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Forget about your big rugby and soccer internationals. If you really want to see sport at its rawest and most intense, you can’t beat an under 5’s hurling match.

The ball gets hit out, and immediately 20 pairs of legs are chasing it around like a swarm of bees attacking a mischevious teddy bear. There’s always one though, idling in the centre of the pitch, completely oblivious to the game, imagining that he is a dinosaur: arms outstretched, a big T Rex lollop as he strides through his jungle. Another group in the corner are pretending they are pop stars, holding their hurleys in a way that would have made Rory Gallagher proud. It’s a goal, and suddenly a budding David Beckham travels the entire length of the pitch, completing his victory run with an authentic knee slide on the timber surface.

The game continues. Rarely does the ball come to rest, as it is harried by a score of hurleys, hitting at it from all directions. It’s a kind of social Brownian Motion, as the red team hit the ball towards the blue team and the blue team counter by scoring a masterfully planned own goal. One player rushes over to me with an important message: “Can I have an ice cream afterwards?”.

It’s getting ugly out there. A kid is knocked down, not by one opponent, but by ten of them simultaneously. Now the ball is stuck in a corner of the hall. Light itself is finding it difficult to escape from the huddle. I pity the coaches as they attempt to disentangle players from the melée.

It’s all over and my boys line up against the wall. Inexplicably, they are unbloodied and unbruised. They have only one thing on their minds: the ice creams they believed I had promised them earlier.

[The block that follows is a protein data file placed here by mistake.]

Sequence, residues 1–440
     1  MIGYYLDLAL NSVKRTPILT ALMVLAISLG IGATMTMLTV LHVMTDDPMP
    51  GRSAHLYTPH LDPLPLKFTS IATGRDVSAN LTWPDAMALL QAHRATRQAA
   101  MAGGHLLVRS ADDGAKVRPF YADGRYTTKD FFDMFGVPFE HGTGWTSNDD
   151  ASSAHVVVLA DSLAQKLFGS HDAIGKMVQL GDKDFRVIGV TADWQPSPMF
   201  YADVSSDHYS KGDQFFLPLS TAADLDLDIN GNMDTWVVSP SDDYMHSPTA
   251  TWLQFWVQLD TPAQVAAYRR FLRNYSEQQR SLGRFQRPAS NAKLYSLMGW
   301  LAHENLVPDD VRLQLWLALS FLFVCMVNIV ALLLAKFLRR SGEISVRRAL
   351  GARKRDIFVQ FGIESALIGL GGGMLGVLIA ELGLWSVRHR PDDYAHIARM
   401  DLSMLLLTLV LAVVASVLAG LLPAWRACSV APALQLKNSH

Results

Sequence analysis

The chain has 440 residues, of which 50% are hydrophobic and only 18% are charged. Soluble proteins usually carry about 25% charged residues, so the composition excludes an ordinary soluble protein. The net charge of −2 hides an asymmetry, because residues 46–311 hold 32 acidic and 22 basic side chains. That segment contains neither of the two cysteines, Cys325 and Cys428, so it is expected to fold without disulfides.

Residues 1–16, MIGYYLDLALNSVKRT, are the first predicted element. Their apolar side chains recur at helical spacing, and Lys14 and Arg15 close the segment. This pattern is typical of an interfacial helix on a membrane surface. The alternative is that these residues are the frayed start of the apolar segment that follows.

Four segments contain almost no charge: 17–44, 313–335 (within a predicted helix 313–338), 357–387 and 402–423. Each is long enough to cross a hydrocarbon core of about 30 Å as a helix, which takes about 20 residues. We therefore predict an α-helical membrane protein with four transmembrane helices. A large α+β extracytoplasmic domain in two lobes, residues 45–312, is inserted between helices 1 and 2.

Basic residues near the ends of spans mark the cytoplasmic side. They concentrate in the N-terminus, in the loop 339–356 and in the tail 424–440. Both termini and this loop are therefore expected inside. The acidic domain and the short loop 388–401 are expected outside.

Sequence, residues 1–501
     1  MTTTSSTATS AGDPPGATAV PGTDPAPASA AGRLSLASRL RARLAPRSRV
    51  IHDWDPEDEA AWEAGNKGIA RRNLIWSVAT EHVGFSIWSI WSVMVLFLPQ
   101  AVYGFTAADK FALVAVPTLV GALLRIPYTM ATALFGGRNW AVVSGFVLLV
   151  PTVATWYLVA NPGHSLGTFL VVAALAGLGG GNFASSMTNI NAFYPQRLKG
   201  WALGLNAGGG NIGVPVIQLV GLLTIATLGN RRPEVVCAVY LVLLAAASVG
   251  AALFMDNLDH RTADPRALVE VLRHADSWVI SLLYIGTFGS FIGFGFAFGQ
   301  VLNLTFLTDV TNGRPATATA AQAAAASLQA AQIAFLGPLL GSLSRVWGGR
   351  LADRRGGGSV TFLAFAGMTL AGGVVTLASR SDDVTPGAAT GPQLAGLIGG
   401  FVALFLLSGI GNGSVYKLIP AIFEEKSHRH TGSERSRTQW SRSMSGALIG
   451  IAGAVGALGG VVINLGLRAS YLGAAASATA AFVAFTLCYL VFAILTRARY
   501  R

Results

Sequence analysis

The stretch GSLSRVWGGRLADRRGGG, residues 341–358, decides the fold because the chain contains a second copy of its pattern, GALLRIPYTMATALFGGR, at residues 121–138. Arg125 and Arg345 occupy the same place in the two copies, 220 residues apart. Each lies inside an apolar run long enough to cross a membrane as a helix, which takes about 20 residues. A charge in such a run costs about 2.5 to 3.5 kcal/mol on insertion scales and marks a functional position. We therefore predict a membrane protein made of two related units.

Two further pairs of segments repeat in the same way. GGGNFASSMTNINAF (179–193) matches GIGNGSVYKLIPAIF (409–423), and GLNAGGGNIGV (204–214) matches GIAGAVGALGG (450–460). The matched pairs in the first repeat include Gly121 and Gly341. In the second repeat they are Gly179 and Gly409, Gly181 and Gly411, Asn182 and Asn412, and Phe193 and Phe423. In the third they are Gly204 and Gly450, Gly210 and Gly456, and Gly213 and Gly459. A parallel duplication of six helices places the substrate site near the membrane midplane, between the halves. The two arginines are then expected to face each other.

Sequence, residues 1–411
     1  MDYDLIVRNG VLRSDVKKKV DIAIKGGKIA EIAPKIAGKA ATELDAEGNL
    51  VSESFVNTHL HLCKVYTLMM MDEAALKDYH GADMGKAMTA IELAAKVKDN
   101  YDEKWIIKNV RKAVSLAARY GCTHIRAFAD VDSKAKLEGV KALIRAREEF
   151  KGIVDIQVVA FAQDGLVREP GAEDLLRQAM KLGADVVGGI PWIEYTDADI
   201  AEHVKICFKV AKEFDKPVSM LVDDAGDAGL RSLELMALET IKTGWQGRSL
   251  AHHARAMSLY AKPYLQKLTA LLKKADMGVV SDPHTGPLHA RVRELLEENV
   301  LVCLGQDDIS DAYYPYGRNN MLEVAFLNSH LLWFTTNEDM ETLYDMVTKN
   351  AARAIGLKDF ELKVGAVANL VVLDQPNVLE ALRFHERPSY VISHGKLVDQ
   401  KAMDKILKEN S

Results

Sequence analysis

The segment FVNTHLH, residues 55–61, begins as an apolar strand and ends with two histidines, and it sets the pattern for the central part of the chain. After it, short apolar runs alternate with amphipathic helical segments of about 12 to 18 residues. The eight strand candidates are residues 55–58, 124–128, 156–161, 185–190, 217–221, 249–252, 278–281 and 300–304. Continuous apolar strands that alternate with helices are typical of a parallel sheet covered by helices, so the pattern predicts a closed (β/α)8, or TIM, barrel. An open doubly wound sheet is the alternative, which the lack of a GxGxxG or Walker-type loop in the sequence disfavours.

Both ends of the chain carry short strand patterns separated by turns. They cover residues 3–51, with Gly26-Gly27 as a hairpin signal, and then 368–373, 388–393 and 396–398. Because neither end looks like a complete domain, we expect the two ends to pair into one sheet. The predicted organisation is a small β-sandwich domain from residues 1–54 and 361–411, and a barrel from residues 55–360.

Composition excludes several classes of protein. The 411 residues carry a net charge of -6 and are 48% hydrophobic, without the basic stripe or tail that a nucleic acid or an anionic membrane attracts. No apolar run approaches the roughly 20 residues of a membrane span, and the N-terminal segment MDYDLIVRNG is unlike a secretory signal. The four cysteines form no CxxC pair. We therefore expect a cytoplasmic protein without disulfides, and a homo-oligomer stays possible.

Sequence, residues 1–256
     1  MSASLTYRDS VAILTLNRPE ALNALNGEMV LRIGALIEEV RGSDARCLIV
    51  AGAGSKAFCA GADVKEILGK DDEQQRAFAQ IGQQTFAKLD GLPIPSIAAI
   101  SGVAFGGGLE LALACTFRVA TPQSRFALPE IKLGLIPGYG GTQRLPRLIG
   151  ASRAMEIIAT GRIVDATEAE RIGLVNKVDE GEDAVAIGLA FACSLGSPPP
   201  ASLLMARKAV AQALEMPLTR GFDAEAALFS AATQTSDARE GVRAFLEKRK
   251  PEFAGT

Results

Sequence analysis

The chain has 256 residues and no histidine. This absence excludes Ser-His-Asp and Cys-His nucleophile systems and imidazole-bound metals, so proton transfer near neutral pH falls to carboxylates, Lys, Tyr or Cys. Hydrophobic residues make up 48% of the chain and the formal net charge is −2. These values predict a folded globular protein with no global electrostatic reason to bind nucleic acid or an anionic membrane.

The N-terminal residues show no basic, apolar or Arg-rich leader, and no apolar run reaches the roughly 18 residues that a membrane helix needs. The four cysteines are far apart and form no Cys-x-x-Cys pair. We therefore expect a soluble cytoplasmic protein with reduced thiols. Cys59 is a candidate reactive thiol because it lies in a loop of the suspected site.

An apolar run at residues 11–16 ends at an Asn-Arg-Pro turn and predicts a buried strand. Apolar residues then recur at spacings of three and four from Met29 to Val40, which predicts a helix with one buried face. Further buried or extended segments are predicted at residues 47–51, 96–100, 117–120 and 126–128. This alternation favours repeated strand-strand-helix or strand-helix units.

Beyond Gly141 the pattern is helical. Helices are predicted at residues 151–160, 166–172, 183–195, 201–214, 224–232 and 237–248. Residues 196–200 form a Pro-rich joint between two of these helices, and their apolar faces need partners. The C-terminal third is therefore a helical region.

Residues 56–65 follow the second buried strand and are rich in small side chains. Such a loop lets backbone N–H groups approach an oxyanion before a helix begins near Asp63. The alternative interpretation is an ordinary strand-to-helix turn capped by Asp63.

Make no mistake, Ireland’s future hurlers are a formidable lot.

Croke Park

Some of you may know that Ireland has two unique field games – hurling and gaelic football. Both games have massive followings and they draw a fanatical attendance from all over the country during the summertime each year. The two games are by far the biggest sports in Ireland. The games are strictly amateur, and much of the attendance money gained has gone into developing the games and the sporting infrastructure around the island. The greatest achievement from decades of investment is a huge stadium in Dublin called Croke Park. It’s truly enormous. It’s the fourth largest stadium in Europe and it has a capacity of over 80,000.

For decades however, Croke Park has been strictly off-limits to the “foreign” games of rugby and soccer. No major international sporting event featuring these two games has ever happened there. The reason for this is wrapped up with the history of modern Ireland and the foundation of the Irish state.

The Gaelic Athletic Association, or GAA, is the ruling body for hurling and gaelic football. They have always been passionately devoted to promoting all things Irish (particularly Catholic Irish), and this view was hardened during the the War of Independence when in 1920, British Auxiliaries opened fire on a crowd of supporters during a match in Croke Park, killing 13 people. For a long time afterwards, no foreign games were permitted in any GAA ground in the country including, of course, Croke Park*. What’s more, members of the GAA were not even allowed to attend any games of rugby, cricket or soccer. Even though this particular restriction was repealed in the 1970’s, the ban on the use of Croke Park for “foreign games” persisted into the 21st century. Although there has always been a lingering sense of anti-Britishness within the GAA, the prevailing view among supporters of the ban was that the other sporting organisations (i.e. the FAI and the IRFU) had done nothing to deserve access to it – that they were riding on the GAA’s coat-tails, in effect.

All this changed in 2005, after a very passionate and drawn out public debate. The GAA finally agreed to open Croke Park temporarily while Landsdowne Road, the home of rugby and football on Dublin’s south-side, was being refurbished.

Tomorrow, Croke Park hosts its first ever international rugby game – Ireland versus France. It’s a sell-out (and some GAA supporters think it’s a sell-out in another way too), with an attendance that will be more than double that of any home rugby international ever played in the country.

A week or so from now, Ireland will play England in Croke Park. The Union Jack will be hoisted there, and God Save the Queen will ring out from within the stadium grounds.

It’s a bit of history alright.

* with the exception of American Football, Athletics and Australian Rules. Go figure.

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